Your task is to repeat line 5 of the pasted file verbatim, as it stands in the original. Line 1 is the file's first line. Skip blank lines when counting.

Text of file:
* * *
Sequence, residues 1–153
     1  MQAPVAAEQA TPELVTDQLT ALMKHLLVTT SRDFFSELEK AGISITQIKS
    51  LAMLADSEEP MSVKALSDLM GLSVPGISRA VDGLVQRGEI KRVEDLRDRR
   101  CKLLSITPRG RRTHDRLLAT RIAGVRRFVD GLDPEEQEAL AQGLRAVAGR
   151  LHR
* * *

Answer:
   151  LHR